The impact of inflation on state and local tax planning will be particularly important and complex for businesses and investors to consider, given the diversity of taxes that are imposed by state and local tax jurisdictions. Inflation has the potential to affect corporate and personal income taxes, sales and use taxes, and property taxes, and, in many cases, could markedly change the amount of tax liability a person or business will owe in the coming years.
Inflation could be particularly painful for individual state income taxes, as many of the highest tax states do not index their tax brackets. That may be balanced against targeted relief, as states flush with revenue response offer tax breaks to compensate for inflation. Businesses will feel the state tax impact in various ways. The de minimis thresholds for sales and use taxes for remote sellers are generally not indexed and will shrink in relative terms with inflation. Inflation could also affect the calculation of state income even more than federal income, and how businesses apportion income among states. Both businesses and individuals will potentially be affected by property tax bills as inflationary pressure drives real estate valuations higher.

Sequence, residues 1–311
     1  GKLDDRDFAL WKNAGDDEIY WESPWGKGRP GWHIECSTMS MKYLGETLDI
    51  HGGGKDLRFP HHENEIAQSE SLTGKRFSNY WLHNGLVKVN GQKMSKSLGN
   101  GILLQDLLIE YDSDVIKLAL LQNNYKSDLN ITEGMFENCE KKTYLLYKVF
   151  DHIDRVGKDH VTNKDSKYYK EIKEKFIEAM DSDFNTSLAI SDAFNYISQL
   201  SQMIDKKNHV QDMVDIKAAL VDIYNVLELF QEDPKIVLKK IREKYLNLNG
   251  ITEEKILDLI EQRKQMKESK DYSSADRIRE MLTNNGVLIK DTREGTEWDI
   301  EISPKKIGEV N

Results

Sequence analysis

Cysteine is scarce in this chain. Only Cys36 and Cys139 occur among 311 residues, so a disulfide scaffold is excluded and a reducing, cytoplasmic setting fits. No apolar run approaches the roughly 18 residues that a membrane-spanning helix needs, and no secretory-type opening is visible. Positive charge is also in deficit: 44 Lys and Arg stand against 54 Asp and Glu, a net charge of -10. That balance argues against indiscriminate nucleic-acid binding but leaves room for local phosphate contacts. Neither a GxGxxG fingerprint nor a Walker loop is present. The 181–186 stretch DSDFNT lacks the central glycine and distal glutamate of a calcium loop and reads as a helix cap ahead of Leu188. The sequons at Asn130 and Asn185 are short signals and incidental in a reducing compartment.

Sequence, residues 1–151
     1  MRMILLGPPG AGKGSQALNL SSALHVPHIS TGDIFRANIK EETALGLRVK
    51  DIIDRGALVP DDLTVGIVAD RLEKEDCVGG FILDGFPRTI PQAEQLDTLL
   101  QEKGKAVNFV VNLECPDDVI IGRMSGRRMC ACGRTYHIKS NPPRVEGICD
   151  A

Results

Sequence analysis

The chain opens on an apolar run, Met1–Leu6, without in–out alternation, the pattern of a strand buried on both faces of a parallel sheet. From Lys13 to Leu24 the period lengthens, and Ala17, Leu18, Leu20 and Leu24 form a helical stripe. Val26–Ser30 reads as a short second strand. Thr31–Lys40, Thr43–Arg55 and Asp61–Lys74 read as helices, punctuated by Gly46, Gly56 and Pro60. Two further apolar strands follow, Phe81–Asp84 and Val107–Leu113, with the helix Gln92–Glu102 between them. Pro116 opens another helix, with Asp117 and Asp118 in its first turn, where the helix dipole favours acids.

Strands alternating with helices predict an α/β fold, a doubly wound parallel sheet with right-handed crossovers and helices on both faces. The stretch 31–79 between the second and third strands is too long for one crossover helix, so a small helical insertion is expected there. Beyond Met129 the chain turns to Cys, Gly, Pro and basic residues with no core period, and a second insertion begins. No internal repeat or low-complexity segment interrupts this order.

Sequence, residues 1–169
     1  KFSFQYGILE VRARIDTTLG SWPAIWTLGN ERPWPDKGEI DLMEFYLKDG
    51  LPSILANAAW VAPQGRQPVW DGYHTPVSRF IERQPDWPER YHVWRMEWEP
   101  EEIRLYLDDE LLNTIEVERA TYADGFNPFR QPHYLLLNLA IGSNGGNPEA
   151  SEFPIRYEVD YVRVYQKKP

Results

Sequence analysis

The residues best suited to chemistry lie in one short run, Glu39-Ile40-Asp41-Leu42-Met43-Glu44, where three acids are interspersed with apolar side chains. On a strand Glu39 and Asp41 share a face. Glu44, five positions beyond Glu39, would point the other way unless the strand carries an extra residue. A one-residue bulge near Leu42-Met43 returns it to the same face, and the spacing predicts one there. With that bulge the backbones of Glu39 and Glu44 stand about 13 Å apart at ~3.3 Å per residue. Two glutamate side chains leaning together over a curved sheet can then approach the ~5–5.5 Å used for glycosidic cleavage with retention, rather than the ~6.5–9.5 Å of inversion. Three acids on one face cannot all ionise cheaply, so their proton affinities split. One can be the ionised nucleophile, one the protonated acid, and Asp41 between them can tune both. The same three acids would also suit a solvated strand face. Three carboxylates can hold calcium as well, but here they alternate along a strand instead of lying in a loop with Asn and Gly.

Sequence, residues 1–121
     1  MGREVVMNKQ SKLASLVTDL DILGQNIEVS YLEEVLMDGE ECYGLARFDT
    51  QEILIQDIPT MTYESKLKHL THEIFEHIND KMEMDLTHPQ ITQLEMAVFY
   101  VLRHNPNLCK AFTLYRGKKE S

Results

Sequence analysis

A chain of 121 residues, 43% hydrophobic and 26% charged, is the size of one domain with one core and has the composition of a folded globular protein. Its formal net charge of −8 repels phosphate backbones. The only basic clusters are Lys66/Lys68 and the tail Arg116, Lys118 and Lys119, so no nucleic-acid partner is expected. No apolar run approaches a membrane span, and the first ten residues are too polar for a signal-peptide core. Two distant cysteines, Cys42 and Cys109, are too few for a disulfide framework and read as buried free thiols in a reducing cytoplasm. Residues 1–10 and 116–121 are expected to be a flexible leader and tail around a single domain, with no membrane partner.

This piece will discuss these and other key state and local tax considerations for an inflationary environment and is part of our series of articles covering the tax planning implications of inflation. Our first article provides a high-level introduction to the series, while other articles provide a deeper dive into considerations for federal and estate and gift tax planning.
Potential effects of inflation on overall state tax policies
Inflation is likely to have interesting implications with respect to how states evaluate and undertake their overall tax policies. Most states currently are in a very solid financial position with budgetary surpluses as a result of economic expansion, along with the influx of funding from the federal government through the American Rescue Plan Act (ARPA). In addition to ARPA, states are seeing increased income tax collections from several sources, including nominally higher profits reported by businesses and substantially higher wage income reported by individuals. Further, sales tax collections from taxable transactions of goods and certain types of services have risen in the past several years, in part due to the effects of the landmark U.S. Supreme Court decision in Wayfair v. South Dakota requiring many remote sellers to collect and remit sales and use taxes to the states.